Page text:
Weightlifting shoes seem to be getting more and more popular with many in the fitness world investing in this type of footwear. But they are not only limited to powerlifters, those that do heavy squats or Olympic lifting. It’s common to see CrossFit enthusiasts and amateur athletes exercise with elevated heels.
But the cool designs, fancy velcro straps over the laces and stiff sole might not be the first thing you notice about them. It will likely be the price! So the question is whether they live up to the hype and are worth spending your money on.
As with several other types of weightlifting equipment, lifting shoes can be beneficial for a certain type of workout while for some people they may just be for show or even serve as a crutch.
Advantages of Weightlifting Shoes
Shoes are often being updated to fit the majority of athletes’ needs while at the same time releasing new color schemes to give them some personality. There are women’s weightlifting shoes with specific aesthetics and designs for female lifters.
But what we care about is performance!
Here are some benefits you can reap by putting them for during your strength training session. Check out our guide to the top rated weightlifting shoes for ideas.
1. Raised Heels
Weightlifting shoes are designed to have elevated heels, usually made from wood or hard plastic. This has several benefits. Firstly, it enhances the wearer’s stability and balance so that they are more grounded and balanced during their workouts. Secondly, it maintains a proper posture, which is important when lifting heavier weights and allows the wearer to get the full benefits from squats or deadlifts. A more upright torso can be achieved for overhead squats and snatches, meaning that the shoulders stay in a more comfortable position.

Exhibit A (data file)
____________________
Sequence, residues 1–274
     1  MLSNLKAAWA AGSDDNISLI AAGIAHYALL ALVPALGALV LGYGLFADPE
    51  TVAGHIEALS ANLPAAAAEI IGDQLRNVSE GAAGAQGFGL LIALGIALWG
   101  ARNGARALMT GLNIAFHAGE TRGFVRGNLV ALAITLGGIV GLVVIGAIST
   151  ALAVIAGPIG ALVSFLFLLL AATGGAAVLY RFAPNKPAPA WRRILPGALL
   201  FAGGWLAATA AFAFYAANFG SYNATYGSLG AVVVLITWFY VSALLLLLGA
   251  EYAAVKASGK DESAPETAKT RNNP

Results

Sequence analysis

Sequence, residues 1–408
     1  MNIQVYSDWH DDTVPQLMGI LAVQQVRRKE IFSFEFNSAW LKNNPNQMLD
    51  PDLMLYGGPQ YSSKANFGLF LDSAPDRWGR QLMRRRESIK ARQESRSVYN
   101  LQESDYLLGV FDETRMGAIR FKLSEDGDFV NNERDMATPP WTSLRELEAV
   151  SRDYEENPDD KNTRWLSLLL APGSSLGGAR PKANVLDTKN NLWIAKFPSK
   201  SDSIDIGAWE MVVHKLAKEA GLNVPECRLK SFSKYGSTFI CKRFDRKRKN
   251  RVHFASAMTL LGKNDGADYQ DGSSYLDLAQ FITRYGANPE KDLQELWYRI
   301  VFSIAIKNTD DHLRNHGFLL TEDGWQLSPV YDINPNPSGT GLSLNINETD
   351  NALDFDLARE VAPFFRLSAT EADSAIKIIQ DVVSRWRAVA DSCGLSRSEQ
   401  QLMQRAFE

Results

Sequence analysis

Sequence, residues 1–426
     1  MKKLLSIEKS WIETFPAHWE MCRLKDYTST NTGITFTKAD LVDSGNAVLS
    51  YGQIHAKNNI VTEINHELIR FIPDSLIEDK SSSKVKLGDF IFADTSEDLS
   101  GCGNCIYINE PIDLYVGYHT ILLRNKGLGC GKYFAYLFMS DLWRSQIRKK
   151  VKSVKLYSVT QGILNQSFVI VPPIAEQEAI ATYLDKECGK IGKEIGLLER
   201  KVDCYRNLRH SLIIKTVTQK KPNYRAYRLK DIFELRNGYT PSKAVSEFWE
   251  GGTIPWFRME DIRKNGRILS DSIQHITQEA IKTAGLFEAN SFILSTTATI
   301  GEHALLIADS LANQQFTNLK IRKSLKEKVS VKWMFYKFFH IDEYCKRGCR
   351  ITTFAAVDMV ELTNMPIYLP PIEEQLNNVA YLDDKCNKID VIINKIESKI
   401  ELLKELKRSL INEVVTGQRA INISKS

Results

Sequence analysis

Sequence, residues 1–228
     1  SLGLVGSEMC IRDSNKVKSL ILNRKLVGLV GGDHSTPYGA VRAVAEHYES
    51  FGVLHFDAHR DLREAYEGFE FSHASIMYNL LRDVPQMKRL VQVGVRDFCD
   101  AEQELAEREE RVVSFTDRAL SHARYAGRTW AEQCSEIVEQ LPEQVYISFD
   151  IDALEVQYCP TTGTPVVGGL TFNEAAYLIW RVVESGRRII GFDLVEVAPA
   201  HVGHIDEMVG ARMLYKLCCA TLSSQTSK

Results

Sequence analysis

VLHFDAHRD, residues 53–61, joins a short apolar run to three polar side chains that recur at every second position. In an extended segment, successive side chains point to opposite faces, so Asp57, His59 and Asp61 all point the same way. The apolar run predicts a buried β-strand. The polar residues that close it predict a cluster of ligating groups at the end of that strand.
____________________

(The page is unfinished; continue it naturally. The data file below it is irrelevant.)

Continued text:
Try out what it might feel like by doing some squats, clean and jerk, snatches or front squats with your heels on some plates
There is a varied range of heel elevation from shoe to shoe so that they can match with the posture and body type of the person. The elevated heel height can extremely helpful during compound movements and Olympic lifts. They help to ensure a successful lift by assisting with maintaining a good posture and reduce the required ankle mobility and tension on the Achilles tendon. They can be particularly useful if you have a hard time with dorsiflexion. A heel lift helps to maintain proper form and more utilization of the quadriceps, leading to a heavier lift.
So, the best course of action is to invest your time in finding the right elevation that helps you maintain your leverage and ease the lift in your power position.
Try on the shoes and get the one that makes you feel balanced and comfortable at your lowest squat posture. Also, keep in mind that longer femurs will require a higher heel elevation.
2. Enhanced Agility
Weight lifting shoes have a firm base that provides ample support and balance at your knees, hip, and ankle. This, in turn, helps with improved mobility, making you agile and swift in your movements. Enhancing this range of motion can directly benefit the strength and maintenance of posture. You need to pay attention to these details while picking out the right fit. Footwear makes you achieve your power positions easily without limiting any movement is the right one for you.
3. Firm Sole
You will have a solid base to support your lower body. A good Olympic weightlifting shoe limits the chances of getting hurt or pulling a muscle by providing a firm stable surface and increasing power transfer to the floor. The use of solid sole and durable materials ensures that your feet are kept in place without your toes moving over the side helping your balance during a high volume lift.
Avoid wearing shoes for lifting that have a soft rubber sole. The shoe that rightly fits for you will not be rocking or have any instability when under a heavy load. It is the same rule as for running shoes. The Adidas Powerlift 3 is a great example of a shoe with a firm and wide base.